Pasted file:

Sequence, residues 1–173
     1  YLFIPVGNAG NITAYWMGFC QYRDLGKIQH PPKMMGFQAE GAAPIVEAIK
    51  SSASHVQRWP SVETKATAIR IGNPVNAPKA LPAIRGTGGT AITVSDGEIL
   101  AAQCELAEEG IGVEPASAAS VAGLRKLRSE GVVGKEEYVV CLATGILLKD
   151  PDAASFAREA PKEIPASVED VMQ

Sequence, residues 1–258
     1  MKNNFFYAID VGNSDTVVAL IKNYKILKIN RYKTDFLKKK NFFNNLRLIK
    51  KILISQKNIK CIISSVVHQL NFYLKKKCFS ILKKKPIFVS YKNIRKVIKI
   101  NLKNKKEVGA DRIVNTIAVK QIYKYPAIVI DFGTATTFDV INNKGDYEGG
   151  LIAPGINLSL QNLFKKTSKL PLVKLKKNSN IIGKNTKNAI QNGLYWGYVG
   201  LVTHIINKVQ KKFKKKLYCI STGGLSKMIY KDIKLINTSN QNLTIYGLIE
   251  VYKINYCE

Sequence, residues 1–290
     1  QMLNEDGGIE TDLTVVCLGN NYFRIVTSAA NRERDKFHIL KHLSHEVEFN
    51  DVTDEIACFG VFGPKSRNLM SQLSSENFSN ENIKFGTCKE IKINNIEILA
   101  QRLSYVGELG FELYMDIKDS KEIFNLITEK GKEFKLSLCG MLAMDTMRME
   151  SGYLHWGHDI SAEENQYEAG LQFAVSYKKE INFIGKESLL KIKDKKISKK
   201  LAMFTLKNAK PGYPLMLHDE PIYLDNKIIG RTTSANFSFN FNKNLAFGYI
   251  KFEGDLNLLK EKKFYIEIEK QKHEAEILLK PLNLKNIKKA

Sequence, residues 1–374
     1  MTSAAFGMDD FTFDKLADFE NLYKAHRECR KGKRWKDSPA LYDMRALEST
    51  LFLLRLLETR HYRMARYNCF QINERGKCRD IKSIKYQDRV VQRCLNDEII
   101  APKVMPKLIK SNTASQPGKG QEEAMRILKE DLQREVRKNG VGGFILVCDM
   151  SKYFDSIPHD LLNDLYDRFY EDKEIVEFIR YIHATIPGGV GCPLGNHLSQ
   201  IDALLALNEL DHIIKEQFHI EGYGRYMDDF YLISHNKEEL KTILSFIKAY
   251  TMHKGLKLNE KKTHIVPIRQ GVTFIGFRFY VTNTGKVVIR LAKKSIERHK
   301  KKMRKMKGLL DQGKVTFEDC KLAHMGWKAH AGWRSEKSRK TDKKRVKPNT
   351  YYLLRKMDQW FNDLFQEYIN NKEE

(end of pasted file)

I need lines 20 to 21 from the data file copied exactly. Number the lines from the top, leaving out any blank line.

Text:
Sequence, residues 1–374
     1  MTSAAFGMDD FTFDKLADFE NLYKAHRECR KGKRWKDSPA LYDMRALEST